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Paucity of Language

2021-09-21 11:26 AM | Thomas
However well equipped our language, it can never be forearmed against all possible cases that may arise and call for description: fact is richer than diction.

  --J.L. Austin, philosopher of language (1911-1960)

(0:0.2-3) It is exceedingly difficult to present enlarged concepts and advanced truth, in our endeavor to expand cosmic consciousness and enhance spiritual perception, when we are restricted to the use of a circumscribed language of the realm. But our mandate admonishes us to make every effort to convey our meanings by using the word symbols of the English tongue. We have been instructed to introduce new terms only when the concept to be portrayed finds no terminology in English which can be employed to convey such a new concept partially or even with more or less distortion of meaning.
     In the hope of facilitating comprehension and of preventing confusion on the part of every mortal who may peruse these papers, we deem it wise to present in this initial statement an outline of the meanings to be attached to numerous English words which are to be employed in designation of Deity and certain associated concepts of the things, meanings, and values of universal reality.

(0:12.13) We are fully cognizant of the difficulties of our assignment; we recognize the impossibility of fully translating the language of the concepts of divinity and eternity into the symbols of the language of the finite concepts of the mortal mind. But we know that there dwells within the human mind a fragment of God, and that there sojourns with the human soul the Spirit of Truth; and we further know that these spirit forces conspire to enable material man to grasp the reality of spiritual values and to comprehend the philosophy of universe meanings. But even more certainly we know that these spirits of the Divine Presence are able to assist man in the spiritual appropriation of all truth contributory to the enhancement of the ever-progressing reality of personal religious experience—God-consciousness.

(1:7.8) I am fully aware that I have at my command no language adequate to make clear to the mortal mind how these universe problems appear to us.

(2:0.3) We are also seriously handicapped in the execution of our assignment by the limitations of language and by the poverty of material which can be utilized for purposes of illustration or comparison in our efforts to portray divine values and to present spiritual meanings to the finite, mortal mind of man.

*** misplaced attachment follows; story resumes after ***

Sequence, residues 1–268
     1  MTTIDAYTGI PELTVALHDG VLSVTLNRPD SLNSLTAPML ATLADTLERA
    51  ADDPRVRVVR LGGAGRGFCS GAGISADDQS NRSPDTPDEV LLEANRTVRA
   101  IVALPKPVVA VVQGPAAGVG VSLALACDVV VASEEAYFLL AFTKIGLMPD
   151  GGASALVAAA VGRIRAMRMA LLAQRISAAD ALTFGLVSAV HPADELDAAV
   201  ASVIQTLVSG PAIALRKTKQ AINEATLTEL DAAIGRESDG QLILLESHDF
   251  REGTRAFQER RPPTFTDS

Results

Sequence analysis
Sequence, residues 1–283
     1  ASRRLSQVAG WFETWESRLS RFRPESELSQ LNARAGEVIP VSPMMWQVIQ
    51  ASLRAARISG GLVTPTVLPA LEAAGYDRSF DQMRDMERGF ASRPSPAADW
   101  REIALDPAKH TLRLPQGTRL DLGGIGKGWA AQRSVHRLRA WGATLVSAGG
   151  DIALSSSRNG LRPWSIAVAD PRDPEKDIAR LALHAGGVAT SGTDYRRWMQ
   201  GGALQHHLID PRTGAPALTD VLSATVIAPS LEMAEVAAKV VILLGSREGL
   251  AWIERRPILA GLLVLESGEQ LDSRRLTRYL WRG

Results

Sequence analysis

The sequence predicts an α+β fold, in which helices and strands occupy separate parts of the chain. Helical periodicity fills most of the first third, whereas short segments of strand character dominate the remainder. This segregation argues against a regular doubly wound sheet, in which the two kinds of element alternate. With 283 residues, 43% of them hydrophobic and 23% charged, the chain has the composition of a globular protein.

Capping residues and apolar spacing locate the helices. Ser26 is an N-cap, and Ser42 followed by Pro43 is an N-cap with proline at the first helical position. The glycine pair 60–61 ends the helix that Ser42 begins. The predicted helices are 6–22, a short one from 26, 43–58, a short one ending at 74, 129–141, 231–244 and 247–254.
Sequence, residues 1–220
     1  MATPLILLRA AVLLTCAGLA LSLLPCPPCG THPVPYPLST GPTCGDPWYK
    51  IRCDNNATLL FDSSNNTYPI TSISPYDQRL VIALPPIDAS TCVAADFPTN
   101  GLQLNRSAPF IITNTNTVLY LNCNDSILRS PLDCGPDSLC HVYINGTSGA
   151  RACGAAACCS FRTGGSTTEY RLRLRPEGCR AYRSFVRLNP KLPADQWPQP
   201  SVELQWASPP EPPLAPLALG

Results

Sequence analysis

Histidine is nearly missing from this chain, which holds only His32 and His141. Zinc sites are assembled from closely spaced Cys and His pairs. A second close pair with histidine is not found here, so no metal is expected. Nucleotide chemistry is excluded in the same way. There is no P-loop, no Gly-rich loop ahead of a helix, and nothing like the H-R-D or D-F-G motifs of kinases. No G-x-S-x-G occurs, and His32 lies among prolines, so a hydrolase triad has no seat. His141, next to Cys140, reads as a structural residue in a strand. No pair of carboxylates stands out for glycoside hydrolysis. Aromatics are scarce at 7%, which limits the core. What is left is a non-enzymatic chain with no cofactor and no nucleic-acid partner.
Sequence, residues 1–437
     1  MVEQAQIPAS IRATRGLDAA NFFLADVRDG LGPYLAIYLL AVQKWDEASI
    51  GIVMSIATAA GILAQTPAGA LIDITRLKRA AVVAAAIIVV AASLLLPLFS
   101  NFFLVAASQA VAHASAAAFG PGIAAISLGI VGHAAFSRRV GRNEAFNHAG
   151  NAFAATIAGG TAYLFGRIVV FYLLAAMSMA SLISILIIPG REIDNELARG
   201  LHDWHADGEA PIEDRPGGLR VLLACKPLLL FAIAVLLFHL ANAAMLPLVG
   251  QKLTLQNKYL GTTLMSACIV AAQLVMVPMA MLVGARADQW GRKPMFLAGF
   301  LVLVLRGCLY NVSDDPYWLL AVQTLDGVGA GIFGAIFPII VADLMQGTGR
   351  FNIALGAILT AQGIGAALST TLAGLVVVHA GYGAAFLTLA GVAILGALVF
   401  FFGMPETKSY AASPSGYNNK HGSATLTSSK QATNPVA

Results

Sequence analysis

(6:0.2) We speak of God's "first" thought and allude to an impossible time origin of the Eternal Son for the purpose of gaining access to the thought channels of the human intellect. Such distortions of language represent our best efforts at contact-compromise with the time-bound minds of mortal creatures.

(44:0.20) But I almost despair of being able to convey to the material mind the nature of the work of the celestial artisans. I am under the necessity of constantly perverting thought and distorting language in an effort to unfold to the mortal mind the reality of these morontia transactions and near-spirit phenomena. Your comprehension is incapable of grasping, and your language is inadequate for conveying, the meaning, value, and relationship of these semispirit activities. And I proceed with this effort to enlighten the human mind concerning these realities with the full understanding of the utter impossibility of my being very successful in such an undertaking.

    John Langshaw Austin was a British philosopher of language and leading proponent of ordinary language philosophy, perhaps best known for developing the theory of speech acts.
    Austin pointed out that we use language to do things as well as to assert things, and that the utterance of a statement like "I promise to do so-and-so" is best understood as doing something — making a promise — rather than making an assertion about anything. Hence the name of one of his best-known works How to Do Things with Words. Austin, in providing his theory of speech acts, makes a significant challenge to the philosophy of language, far beyond merely elucidating a class of morphological sentence forms that function to do what they name. Austin's work ultimately suggests that all speech and all utterance is the doing of something with words and signs, challenging a metaphysics of language that would posit denotative, propositional assertion as the essence of language and meaning.

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